Heart Disease & Stroke
Gum disease is bad, not only for your gums, but for your heart too. Periodontitis can increase your risk of developing heart disease, or having a stroke. Buy why is that the case? Bacteria that builds up in the gums can travel through the bloodstream to other areas of the body. Thes bacteria can build up in the arteries, causing blood clots, and leading to stroke and various heart conditions.
Bacterial build-up in the gums can lead to gum inflammation – this is one of the most common symptoms of gum disease. These bacteria can cause similar reactions to tissues in other areas of the body. Inflammation has long been linked to the development of cancer, according to the National Institutes of Health.
Gum disease and bacteria can also increase a patient’s risk of developing diabetes.
Preventing These Issues
It’s essential to keep up with your oral hygiene – not just for your teeth and gums, but for the rest of your body too. Make sure you’re brushing and flossing daily, and that you visit your dentist on a regular basis.
Bloomington Dental Health
At Smiles for Life, we have the ability to handle all of your family and cosmetic dentistry needs. For decades, we have been providing top-notch dental care to patients in Bloomington, Farmington, and the surrounding Minnesota areas. If you’re having tooth pain, or you just need to schedule a routine check-up and cleaning, don’t hesitate to give us a call. Contact our dental clinic in Bloomington to set up your appointment today!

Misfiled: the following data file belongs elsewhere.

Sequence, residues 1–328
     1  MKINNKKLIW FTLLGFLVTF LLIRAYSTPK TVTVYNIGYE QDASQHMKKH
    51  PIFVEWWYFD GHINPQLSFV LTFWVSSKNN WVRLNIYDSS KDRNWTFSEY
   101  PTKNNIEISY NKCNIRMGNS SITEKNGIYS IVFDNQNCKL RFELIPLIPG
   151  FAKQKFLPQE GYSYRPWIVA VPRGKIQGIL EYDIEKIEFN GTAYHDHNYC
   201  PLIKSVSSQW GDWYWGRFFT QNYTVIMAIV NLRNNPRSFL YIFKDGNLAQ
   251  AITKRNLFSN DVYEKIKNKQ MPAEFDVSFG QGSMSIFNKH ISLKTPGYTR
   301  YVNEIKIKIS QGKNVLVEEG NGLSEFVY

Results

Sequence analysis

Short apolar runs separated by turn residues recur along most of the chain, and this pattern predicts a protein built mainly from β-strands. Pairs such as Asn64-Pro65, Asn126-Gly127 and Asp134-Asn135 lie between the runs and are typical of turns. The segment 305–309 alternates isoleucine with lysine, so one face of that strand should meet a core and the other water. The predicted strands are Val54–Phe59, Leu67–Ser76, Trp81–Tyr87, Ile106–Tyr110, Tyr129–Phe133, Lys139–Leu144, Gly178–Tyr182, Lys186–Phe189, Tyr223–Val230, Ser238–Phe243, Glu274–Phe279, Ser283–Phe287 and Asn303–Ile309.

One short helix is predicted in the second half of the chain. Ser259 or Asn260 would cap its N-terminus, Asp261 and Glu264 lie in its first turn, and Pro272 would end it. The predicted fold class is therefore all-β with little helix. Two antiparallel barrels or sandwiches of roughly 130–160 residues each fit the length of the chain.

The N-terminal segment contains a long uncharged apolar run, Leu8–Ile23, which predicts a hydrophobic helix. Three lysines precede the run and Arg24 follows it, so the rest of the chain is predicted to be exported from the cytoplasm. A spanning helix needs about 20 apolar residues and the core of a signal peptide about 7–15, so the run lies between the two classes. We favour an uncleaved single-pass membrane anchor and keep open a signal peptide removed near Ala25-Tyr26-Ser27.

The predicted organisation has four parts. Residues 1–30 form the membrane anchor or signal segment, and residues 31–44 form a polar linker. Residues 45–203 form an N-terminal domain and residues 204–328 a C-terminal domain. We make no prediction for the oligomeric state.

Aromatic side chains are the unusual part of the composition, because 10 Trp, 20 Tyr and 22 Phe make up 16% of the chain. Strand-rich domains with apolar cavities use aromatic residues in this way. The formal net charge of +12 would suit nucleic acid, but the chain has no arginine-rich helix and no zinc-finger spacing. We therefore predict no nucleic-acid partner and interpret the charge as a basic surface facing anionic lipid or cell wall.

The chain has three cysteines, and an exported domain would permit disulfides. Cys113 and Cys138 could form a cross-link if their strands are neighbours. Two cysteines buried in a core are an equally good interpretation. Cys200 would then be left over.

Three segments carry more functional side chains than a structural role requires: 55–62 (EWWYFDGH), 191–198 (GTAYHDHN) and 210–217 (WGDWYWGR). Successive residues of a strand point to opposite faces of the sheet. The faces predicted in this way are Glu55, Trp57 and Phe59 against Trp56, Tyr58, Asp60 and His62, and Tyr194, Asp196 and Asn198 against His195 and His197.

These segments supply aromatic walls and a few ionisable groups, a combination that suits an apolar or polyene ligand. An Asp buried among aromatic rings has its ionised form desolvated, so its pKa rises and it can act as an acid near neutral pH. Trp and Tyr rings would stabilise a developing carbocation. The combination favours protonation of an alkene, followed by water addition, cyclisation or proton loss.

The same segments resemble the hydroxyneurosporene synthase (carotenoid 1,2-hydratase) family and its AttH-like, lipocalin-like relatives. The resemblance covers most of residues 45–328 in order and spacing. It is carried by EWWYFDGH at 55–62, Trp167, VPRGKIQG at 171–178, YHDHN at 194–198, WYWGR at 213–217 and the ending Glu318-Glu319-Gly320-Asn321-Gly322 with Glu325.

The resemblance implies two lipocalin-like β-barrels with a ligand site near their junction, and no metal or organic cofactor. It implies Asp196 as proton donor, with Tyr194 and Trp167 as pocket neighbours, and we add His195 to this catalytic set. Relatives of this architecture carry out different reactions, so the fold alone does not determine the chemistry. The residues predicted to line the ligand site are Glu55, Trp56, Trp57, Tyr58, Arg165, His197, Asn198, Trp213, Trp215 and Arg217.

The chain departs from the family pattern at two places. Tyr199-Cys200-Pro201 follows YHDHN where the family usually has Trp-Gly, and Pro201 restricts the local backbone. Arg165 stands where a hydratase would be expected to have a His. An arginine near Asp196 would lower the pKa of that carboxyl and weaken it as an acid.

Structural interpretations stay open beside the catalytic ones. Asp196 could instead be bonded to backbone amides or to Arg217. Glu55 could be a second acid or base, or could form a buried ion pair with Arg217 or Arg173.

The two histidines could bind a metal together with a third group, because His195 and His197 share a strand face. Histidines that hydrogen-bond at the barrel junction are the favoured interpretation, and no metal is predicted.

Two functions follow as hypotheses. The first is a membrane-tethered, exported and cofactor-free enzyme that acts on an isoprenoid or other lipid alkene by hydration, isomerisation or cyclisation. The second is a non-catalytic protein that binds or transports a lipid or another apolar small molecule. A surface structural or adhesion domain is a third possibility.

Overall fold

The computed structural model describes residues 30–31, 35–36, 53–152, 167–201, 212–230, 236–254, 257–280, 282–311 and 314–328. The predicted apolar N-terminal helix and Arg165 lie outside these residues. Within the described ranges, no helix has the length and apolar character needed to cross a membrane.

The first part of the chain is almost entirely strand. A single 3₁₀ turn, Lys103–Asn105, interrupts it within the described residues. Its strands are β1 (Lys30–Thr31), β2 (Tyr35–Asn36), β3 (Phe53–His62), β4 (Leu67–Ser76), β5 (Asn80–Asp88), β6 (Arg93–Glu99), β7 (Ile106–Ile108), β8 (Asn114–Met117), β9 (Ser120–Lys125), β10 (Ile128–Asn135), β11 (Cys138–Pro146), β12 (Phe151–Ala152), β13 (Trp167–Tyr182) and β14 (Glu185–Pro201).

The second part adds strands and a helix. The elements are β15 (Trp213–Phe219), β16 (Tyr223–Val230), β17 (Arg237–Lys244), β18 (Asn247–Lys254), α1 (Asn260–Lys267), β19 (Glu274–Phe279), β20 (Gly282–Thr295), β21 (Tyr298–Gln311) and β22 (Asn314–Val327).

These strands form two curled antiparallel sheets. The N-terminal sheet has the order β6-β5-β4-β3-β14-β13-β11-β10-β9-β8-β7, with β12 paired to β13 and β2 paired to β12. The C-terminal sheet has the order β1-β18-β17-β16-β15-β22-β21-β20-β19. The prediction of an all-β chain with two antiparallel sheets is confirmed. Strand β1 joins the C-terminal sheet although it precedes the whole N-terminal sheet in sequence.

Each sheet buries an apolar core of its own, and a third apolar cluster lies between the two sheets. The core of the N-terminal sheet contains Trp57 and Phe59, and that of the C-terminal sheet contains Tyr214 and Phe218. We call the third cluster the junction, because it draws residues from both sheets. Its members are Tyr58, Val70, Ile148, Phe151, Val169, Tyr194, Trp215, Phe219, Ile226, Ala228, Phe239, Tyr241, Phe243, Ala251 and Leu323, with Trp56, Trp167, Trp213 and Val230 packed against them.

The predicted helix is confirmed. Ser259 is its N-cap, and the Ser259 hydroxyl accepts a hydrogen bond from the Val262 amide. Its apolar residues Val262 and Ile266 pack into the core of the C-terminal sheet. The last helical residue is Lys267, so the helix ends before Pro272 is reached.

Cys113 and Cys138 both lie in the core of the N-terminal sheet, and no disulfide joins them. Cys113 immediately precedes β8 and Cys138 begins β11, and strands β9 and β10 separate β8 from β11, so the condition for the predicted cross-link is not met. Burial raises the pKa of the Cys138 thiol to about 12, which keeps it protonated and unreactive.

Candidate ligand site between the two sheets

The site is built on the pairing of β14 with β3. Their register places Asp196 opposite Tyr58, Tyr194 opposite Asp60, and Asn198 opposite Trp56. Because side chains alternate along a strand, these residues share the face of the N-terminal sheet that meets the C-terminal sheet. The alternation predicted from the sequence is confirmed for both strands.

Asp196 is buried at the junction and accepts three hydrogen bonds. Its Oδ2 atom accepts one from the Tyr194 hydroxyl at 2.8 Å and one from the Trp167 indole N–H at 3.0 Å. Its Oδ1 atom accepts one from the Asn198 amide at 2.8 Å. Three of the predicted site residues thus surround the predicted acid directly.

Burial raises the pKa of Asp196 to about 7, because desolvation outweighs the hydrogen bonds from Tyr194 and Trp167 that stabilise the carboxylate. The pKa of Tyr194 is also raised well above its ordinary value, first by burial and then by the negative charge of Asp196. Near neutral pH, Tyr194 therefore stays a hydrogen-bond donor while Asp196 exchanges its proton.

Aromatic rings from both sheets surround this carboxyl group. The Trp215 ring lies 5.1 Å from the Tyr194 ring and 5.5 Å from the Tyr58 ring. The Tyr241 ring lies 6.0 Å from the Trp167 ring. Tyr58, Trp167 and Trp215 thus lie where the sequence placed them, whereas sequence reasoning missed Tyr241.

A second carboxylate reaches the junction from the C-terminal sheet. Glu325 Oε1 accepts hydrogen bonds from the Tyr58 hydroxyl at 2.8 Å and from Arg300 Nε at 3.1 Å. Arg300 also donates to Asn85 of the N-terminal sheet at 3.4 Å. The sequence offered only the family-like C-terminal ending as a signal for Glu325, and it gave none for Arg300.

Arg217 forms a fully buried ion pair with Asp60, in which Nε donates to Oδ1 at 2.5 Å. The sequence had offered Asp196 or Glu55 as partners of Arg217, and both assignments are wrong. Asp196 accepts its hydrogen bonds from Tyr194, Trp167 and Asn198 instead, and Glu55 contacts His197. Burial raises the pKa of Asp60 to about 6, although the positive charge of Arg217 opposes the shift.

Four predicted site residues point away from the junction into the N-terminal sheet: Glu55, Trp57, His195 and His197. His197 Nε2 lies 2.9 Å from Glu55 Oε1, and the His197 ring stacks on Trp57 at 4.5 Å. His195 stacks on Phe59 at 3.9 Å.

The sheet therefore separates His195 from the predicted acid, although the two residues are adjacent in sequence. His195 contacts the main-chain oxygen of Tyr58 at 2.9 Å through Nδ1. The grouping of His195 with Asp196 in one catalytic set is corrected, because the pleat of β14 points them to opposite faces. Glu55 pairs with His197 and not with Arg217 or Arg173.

Although gum disease is easily preventable, many patients still suffer from its effects. By being proactive about your periodontal (gum) care, you can help prevent gum disease and other health issues. In this article, we are going to discuss the basics of periodontal gum care.
What is Periodontal Disease?
Periodontal disease essentially means gum disease. “Peri” means around, and “Odontal” means teeth, so periodontal disease impacts the gums and other structures that surround the teeth. Bleeding of the gums is perhaps the most common sign of periodontal disease. If you notice any bleeding from your gums, it’s time to set up an appointment with your dentist to fully diagnose your condition and talk about treatment options.